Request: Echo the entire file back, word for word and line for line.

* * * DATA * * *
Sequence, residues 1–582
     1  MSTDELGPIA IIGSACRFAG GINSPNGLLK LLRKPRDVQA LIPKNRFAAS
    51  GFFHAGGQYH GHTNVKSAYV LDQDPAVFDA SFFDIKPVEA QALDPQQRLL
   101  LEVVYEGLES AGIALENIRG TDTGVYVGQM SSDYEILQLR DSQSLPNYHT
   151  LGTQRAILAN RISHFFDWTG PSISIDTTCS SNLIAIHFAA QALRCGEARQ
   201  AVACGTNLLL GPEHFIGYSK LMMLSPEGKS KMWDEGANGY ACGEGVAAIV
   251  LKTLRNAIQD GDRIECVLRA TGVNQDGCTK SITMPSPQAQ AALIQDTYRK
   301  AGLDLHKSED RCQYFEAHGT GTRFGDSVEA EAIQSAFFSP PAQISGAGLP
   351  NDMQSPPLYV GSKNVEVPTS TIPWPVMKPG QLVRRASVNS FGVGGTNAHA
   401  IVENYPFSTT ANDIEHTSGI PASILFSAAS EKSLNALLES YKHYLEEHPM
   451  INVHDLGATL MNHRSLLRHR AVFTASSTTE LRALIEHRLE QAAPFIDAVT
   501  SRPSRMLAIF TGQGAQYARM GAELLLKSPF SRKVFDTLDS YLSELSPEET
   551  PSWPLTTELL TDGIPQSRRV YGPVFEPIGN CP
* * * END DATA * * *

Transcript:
Sequence, residues 1–582
     1  MSTDELGPIA IIGSACRFAG GINSPNGLLK LLRKPRDVQA LIPKNRFAAS
    51  GFFHAGGQYH GHTNVKSAYV LDQDPAVFDA SFFDIKPVEA QALDPQQRLL
   101  LEVVYEGLES AGIALENIRG TDTGVYVGQM SSDYEILQLR DSQSLPNYHT
   151  LGTQRAILAN RISHFFDWTG PSISIDTTCS SNLIAIHFAA QALRCGEARQ
   201  AVACGTNLLL GPEHFIGYSK LMMLSPEGKS KMWDEGANGY ACGEGVAAIV
   251  LKTLRNAIQD GDRIECVLRA TGVNQDGCTK SITMPSPQAQ AALIQDTYRK
   301  AGLDLHKSED RCQYFEAHGT GTRFGDSVEA EAIQSAFFSP PAQISGAGLP
   351  NDMQSPPLYV GSKNVEVPTS TIPWPVMKPG QLVRRASVNS FGVGGTNAHA
   401  IVENYPFSTT ANDIEHTSGI PASILFSAAS EKSLNALLES YKHYLEEHPM
   451  INVHDLGATL MNHRSLLRHR AVFTASSTTE LRALIEHRLE QAAPFIDAVT
   501  SRPSRMLAIF TGQGAQYARM GAELLLKSPF SRKVFDTLDS YLSELSPEET
   551  PSWPLTTELL TDGIPQSRRV YGPVFEPIGN CP